Images courtesy: Cpl. Reece Lodder
On Wednesday afternoon, I received an e-mail from Cpl. Reece Lodder, a Marine combat correspondent who is currently deployed to Afghanistan. It was a relief to hear from Cpl. Lodder, who I first spoke with before he left in the fall.
"I hope this message finds you well," the Marine wrote. "Please pray for (my wife) and I during our time apart this Christmas season."
With those prayers said, I began reading the story of heroism the Marine journalist relayed from Afghanistan's Helmand province. On a frigid Dec. 2 evening, an Afghan National Army soldier at the front of a joint patrol with U.S. Marines was hit by a car full of civilians, sending the soldier and eight Afghans in the vehicle plunging into a canal.
Many would be frozen after this shocking accident on a cold Afghanistan night. Marines from 2nd Platoon, Lima Company, 3rd Battalion, 3rd Marine Regiment, however, jumped into the canal's cold water to save as many lives as possible.
"It took a split second to realize what happened," Lance Cpl. Nicholas Dumke, a 20-year-old rifleman from Huron, South Dakota, told Lodder. "We train for firefights, not for a vehicle going into a canal … we just snapped into reacting to a high-stress situation and did what we had to do."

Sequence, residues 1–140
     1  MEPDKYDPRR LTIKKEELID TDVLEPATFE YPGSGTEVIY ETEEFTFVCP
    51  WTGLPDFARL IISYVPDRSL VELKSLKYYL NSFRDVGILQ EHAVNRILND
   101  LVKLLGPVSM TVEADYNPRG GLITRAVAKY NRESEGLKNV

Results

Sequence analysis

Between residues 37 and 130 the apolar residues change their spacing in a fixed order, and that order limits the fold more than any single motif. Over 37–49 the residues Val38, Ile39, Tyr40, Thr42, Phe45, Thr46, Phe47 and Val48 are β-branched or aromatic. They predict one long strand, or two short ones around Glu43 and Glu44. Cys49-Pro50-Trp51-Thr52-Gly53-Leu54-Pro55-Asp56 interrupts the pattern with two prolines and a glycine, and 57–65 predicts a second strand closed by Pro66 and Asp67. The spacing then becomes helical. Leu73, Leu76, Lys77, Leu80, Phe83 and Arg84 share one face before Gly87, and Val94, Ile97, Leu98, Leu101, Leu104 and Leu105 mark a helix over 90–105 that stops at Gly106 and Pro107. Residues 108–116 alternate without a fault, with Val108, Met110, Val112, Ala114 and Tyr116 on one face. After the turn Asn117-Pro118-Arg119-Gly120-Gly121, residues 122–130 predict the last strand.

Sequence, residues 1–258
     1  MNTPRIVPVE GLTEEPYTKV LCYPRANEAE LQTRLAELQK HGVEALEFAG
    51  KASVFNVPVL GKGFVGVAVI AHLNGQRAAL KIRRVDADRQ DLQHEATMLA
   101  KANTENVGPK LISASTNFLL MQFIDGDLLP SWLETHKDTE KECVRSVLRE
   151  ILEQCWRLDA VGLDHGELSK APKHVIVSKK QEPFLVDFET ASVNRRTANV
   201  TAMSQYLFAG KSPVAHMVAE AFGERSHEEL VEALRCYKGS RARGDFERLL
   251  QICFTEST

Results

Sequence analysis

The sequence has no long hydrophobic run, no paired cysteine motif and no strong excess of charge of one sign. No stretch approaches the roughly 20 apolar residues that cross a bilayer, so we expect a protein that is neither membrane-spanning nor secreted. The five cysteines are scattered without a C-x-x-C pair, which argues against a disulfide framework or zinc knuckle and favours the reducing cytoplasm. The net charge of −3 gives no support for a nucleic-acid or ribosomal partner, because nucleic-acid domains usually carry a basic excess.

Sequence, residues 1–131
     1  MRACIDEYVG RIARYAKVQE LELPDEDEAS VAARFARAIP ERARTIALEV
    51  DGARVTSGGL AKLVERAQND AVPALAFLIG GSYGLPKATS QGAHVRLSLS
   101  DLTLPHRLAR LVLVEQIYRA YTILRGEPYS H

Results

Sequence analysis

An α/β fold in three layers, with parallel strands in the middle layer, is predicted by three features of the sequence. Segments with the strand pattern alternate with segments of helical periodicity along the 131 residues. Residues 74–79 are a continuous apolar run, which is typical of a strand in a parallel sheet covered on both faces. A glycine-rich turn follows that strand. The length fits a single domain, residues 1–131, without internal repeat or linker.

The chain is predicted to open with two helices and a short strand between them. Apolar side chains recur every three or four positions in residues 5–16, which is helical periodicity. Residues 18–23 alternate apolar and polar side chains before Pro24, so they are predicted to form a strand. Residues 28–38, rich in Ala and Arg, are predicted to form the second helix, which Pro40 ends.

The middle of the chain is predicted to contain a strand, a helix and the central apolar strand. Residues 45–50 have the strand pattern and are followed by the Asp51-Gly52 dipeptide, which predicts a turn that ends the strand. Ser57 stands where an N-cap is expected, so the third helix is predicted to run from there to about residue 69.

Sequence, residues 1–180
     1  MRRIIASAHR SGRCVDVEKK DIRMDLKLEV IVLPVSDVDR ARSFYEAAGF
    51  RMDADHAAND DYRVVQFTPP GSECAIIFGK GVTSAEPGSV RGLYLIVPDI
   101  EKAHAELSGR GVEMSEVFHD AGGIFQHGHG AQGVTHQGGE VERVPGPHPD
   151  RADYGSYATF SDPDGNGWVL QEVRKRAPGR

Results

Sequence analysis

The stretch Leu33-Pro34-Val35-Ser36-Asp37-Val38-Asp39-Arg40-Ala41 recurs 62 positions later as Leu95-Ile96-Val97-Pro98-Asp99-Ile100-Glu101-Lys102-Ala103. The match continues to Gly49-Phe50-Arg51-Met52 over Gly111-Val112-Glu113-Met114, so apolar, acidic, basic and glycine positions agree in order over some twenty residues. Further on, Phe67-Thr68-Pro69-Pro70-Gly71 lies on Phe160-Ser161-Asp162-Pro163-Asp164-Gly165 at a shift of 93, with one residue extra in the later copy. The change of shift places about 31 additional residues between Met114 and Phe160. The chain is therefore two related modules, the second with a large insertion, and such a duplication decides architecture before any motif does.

Lance Cpl. Dumke's fellow Marines -- Sgt. Matt Garst, 23, of Charlotte, North Carolina; Lance Cpl. Ryan Gerrity, 21, of Cranford, New Jersey; and Lance Cpl. James Blomstran, 22, of Cortland, Ohio -- used every means at their disposal, including a bamboo pole used to find improvised explosive devices and their trusted explosive device detection dog, Sage, to rescue the Afghans. In the end, eight Afghan civilians and the badly injured Afghan National Army soldier were saved.
"I saw the problem, saw the security we needed and sent everyone else into the canal," Sgt. Garst, who also jumped into the canal, told Lodder.
In an irresponsible front page article on Thursday, the New York Times unsuccessfully tried to paint U.S. Marines as bloodthirsty murderers, based on a disputed incident that occurred in Iraq more than six years ago.
Flying in the face of some ugly media stereotypes, this important, recent story filed by Lodder from the front lines shows that in addition to being highly-skilled warriors, U.S. Marines are also champions of compassion, often risking their own lives to protect the innocent.
While I'm sad that Cpl. Reece Lodder and his wife are apart during the holiday season, thank God someone like him is in Afghanistan to bring the real story home.
"I'm humbled to have had the opportunity to tell it," Lodder wrote in his e-mail to The Unknown Soldiers. "It is another reminder about why service members do what they do. Not for themselves, but for others."